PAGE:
You see, life is all about perspective.  It's about finding joy in any way you can.  Yesterday was not the best day for Drake.  He had kind of rough day at school.  But last night, before bed, he came over to me on the couch and snuggled up beside me.  He covered his legs with the blanket I was using, put his hand on my face and without saying a word I knew he was happy.

My goal in the last seven years has been his happiness.  We have spent countless hours on the road going to appointments, therapies, and school.  Through it all, my main objective has been his happiness above everything else.  While I know that learning skills is important, my focus has always been making sure he is happy.  I have removed him from several situations, people, and places that do not make him happy. I will continue to do that as long as I'm alive.

So you see, when someone insinuates that I am "too positive" about autism, it offends me greatly.  I suppose most people want me to talk about every single challenge we face.  They want me to bare Drake's soul for the world to see.  They want me to explain all the difficulties he has so they can empathize with me and all my hardships in raising an autistic child. They want me to be real, and by real I mean they want me to show weakness.  People, you're in the wrong place.  I will never speak of Drake as if he is incompetent.  I truly believe that one day Drake will read the words I've written about him.  Do you know what he will never read?  He will never read that my dreams were lost.  He will never read that I was embarrassed.  He will never read that my life was ruined.  He will never, ever read that he was anything more than an absolute joy.

He won't read those things because I refuse to put every weakness or difficultly on display for the world to see. I certainly wouldn't want people to do that to me.  Can you imagine if someone started a Facebook page about your life and told every weakness and difficultly you had? Doing it to children is no different. And yes, I will absolutely speak out against anyone who shames their own children on social media.  I will speak out against it because I don't want my son to one day read the words of some mommy-martyr and wonder if I ever felt that way about him.  Please don't misunderstand me.  There is nothing wrong with telling your story.  But if you cannot speak about your children in a respectful way, then it may be best not to speak about them at all.  Autistics are human beings, ALL of them.  They deserve to be spoken about respectfully, no matter their severity level.  You can call me judgmental, a parent-shamer, or any other ugly thing.  I do not care.  What I do care about is the message that many parents choose to put out into the world.  Many times it is a message that shames their children, and in doing so...shames mine.  I will not stand for it.  I will not accept it.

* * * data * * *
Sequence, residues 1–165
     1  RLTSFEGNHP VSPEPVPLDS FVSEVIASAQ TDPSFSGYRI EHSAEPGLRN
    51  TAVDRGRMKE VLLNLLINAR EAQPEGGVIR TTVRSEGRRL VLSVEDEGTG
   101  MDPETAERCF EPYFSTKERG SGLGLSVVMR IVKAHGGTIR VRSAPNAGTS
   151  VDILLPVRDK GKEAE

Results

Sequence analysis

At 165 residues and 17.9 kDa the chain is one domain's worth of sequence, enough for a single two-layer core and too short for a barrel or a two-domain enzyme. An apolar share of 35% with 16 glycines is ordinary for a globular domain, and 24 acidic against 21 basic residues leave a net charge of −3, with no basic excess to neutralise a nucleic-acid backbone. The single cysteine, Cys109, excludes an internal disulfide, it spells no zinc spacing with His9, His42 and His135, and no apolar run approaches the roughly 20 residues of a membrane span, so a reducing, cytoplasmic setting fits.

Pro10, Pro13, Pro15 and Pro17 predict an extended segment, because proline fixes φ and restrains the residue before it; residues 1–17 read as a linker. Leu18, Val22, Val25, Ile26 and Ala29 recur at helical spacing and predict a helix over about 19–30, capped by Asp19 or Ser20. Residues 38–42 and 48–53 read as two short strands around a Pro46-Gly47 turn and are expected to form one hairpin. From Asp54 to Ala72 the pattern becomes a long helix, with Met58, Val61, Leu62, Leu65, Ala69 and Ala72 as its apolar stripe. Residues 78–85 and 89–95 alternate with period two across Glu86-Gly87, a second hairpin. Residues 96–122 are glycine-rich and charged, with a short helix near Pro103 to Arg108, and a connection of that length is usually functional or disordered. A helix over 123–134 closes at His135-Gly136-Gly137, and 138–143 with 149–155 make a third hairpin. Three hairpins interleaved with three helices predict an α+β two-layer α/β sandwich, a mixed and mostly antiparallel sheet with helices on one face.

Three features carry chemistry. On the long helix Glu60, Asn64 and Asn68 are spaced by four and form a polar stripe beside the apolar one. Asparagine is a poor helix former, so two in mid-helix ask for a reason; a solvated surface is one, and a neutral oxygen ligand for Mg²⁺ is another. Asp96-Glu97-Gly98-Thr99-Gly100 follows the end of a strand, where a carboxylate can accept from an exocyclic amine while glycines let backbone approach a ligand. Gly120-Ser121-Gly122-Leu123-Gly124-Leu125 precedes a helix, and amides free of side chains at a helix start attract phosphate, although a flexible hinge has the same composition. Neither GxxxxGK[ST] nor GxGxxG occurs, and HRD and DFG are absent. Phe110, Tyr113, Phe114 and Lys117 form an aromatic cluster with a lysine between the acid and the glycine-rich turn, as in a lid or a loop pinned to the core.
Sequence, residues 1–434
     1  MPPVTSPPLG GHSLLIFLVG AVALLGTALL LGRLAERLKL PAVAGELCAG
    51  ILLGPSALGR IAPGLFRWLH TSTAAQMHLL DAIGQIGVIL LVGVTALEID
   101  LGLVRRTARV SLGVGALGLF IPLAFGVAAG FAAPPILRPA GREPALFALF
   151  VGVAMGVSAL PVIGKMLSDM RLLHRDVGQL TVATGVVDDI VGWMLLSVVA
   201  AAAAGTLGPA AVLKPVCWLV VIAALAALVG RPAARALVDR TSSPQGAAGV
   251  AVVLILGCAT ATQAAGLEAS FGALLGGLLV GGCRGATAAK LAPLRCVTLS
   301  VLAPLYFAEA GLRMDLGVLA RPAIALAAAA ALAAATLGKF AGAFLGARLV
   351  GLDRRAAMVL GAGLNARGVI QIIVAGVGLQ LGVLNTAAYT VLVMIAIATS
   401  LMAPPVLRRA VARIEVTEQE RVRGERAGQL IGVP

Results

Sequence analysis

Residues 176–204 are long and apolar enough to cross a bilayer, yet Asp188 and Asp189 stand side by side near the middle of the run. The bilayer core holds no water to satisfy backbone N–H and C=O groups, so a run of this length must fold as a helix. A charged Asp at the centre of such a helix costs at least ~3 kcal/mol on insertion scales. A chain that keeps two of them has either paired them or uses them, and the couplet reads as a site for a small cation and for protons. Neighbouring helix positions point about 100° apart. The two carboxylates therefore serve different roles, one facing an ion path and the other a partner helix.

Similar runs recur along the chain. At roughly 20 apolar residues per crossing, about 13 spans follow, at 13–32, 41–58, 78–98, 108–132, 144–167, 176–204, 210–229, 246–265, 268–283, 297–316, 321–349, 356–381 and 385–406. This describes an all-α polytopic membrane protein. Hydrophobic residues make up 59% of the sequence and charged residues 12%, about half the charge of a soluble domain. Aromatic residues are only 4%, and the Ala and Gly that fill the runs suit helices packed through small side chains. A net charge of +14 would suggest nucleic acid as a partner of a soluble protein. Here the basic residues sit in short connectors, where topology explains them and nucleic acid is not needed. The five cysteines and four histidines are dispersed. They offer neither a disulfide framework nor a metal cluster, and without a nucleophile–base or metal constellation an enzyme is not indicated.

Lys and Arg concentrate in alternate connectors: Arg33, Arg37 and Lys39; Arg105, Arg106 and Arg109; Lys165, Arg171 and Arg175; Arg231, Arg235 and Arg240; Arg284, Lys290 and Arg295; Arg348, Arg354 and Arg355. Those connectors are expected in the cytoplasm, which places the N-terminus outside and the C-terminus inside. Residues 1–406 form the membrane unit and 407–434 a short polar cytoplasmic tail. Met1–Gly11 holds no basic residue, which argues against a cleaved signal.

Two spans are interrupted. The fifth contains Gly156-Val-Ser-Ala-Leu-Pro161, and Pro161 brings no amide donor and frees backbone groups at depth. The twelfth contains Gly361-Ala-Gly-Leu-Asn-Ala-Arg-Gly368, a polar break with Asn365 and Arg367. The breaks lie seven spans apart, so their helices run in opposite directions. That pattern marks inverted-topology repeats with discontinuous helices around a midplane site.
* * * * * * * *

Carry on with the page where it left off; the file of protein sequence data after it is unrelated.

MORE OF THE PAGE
I want a positive world for kids and adults diagnosed with autism.  I want them to be proud of who they are.  The message of autism awareness shouldn't be a crying mother who is in constant despair because her child is different. That is not autism awareness. Awareness is about helping people understand that differences need to be accepted. We cannot expect society to accept our kids when we continually vomit out a message of despair and shattered dreams. Acceptance starts and home, always.

Let me start this blog off with a bang.  If you're one of those folks who hates Autism, this probably won't be the best read for ya.  Then again, I invite you to open your mind up and let go of some of that bitterness.

You see, I've been on this journey with my son for almost five years.  Drake recently turned seven, and he was diagnosed with autism just a few months before he was three. You may think..."wait, that math doesn't add up."  That's because I knew way before his diagnosis that he was autistic.  I'm one of those paranoid mamas and my instinct is almost superpower level in strength.  Folks, I was a literal basket case the first time I ever Googled anything about autism.  Why?  Because I didn't understand it.  So, from the time Drake was around ten months old, until he was eventually diagnosed with Autism around 2 1/2 years old, I was literally a nutcase. In fact, I should probably have a PHD on my wall based on all the research I did those two years.

I didn't tell a soul for several months of my suspicions, not even my husband.  I wanted to make sure I had all my facts straight.  I wanted to understand things myself before I presented the idea to anyone else.  I was scared out of my mind.  I read all the articles about people curing their kids with these magical biomedical treatments and special diets.  I read stories of children who suddenly didn't have autism anymore.  I read about the horror of some therapies. But, one day I stopped reading and had a plan of sorts.  Drake needed a diagnosis and Drake needed therapy, those two things I knew for sure.  I also knew that Drake was always going to be autistic. Always.  There is no magic pill.  There is no special food that will change him.  He is autistic and always will be.  It wasn't very hard to accept.  It was a fact and I accepted it as such.